Sharon Lee has a number of retail clients, as well as working with gift distributors, promotional agencies and workwear uniform management companies. A few years ago, it used to be that 75% of the headwear Sharon Lee sold was customised in China and then sent to the UK ready to go, with the remaining 25% either sold blank to decorators or decorated in the UK for customers. The split now is 50% fully customised from China, 40% customised in-house at Sharon Lee, and 10% sold as blanks.

The change is down to demand and speed of service, believes Toby. Sales director Danny Butterfield notes that while the company has always had a good range of headwear items that are quite flexible in whether they’re used for promowear, workwear or sportswear, last year the company began adding more fashion-focused styles. “What’s opened our eyes a little bit is that we’ve got a couple of really big retail customers, and their entire world is what’s going to be in vogue this spring/summer or autumn/ winter. They buy a lot of our bespoke items and that alerts us to what’s going to be in fashion. The blank sales have been steady, but with more fashion-orientated hats coming in we expect to see a spike, because they’re not really available anywhere else.” SL Black Label, its custom headwear line aimed at retailers and independent labels, has also been very successful.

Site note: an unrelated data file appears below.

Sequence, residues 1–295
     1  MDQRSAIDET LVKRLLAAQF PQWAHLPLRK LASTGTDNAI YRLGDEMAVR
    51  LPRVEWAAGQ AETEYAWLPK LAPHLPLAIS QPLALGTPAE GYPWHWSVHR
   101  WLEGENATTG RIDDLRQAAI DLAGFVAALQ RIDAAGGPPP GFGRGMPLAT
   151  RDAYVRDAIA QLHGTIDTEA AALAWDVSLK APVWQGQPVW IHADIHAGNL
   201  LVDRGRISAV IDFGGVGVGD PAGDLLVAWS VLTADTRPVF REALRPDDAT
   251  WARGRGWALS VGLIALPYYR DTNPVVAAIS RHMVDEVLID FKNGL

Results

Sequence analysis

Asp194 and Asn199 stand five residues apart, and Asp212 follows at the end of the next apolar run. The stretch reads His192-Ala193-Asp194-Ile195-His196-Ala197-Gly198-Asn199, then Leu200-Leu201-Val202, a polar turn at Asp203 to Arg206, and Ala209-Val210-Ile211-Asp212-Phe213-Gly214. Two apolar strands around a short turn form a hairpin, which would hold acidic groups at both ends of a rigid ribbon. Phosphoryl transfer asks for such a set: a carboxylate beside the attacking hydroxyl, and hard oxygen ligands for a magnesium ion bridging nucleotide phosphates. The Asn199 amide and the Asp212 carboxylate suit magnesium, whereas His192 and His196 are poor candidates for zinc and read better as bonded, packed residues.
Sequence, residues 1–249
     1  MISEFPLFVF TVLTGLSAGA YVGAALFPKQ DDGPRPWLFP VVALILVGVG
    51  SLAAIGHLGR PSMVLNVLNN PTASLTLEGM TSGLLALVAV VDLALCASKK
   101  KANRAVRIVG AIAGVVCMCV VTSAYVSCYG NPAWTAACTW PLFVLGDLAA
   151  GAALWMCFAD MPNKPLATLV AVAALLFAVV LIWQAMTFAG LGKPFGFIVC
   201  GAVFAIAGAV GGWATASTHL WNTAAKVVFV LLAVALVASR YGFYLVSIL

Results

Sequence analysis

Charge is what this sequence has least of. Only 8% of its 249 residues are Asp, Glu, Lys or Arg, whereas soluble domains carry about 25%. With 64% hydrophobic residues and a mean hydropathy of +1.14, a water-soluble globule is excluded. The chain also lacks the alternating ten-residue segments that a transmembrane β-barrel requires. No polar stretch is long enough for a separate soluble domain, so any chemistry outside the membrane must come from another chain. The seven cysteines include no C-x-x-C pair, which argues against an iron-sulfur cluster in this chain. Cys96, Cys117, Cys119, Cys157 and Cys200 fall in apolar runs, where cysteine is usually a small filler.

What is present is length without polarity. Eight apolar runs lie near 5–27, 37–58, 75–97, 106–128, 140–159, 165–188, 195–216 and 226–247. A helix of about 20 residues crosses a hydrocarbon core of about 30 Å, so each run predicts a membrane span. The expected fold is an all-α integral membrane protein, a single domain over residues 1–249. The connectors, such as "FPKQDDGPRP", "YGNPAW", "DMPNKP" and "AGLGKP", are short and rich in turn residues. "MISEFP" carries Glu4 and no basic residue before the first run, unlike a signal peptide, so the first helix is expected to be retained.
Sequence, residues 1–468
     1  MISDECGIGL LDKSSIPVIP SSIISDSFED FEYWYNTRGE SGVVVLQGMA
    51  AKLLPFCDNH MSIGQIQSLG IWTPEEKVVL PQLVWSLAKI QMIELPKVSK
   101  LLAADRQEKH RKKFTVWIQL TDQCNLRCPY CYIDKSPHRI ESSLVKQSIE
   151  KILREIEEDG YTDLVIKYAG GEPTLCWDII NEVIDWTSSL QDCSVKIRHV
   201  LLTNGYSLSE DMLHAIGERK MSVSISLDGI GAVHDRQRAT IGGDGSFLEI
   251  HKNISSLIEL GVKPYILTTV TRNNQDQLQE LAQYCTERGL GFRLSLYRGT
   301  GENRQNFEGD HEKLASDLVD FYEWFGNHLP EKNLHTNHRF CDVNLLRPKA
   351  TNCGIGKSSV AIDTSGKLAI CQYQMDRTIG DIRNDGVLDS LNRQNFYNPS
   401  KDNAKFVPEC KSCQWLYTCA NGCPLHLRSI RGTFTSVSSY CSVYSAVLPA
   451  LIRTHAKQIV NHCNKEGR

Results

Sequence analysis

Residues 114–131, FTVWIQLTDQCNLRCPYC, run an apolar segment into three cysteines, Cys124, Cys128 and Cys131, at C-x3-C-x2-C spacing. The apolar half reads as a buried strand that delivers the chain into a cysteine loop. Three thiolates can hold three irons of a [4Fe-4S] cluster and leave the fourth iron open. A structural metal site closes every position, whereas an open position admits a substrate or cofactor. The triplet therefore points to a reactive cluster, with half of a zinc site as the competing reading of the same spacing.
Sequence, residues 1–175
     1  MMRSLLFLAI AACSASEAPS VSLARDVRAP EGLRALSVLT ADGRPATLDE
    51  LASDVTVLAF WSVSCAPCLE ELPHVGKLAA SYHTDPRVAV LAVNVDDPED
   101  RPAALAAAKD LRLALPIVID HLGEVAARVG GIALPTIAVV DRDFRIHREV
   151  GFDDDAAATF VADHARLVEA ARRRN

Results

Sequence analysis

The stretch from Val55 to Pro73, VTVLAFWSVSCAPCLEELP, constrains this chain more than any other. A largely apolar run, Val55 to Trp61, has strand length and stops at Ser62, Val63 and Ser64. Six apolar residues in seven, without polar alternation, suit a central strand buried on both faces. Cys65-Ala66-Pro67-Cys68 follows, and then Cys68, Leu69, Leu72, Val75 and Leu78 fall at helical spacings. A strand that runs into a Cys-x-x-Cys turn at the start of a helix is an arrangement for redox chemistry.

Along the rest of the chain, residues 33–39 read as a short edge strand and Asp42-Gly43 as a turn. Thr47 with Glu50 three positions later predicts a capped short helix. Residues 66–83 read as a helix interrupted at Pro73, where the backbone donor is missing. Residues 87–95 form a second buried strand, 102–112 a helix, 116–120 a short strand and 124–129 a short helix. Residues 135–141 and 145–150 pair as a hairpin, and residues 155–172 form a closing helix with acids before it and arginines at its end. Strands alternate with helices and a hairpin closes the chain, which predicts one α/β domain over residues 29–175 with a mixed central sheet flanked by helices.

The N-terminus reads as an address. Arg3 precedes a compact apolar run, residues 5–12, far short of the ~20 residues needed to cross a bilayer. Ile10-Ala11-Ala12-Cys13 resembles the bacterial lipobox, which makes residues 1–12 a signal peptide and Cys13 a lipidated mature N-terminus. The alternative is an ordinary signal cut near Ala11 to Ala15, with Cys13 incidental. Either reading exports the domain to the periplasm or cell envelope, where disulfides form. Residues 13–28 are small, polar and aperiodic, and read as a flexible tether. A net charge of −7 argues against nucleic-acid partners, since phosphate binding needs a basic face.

“We sell plain stock to printers, but we also have some printers that like us to decorate the product,” explains Danny. “Caps are notoriously hard to decorate because they’re a pre-curved surface. On a made-to-order cap you flatten those panels out and it’s like embroidering anything else. Once it’s made into a cap it’s a lot more difficult. But because we’re used to it, it’s not hard for us.”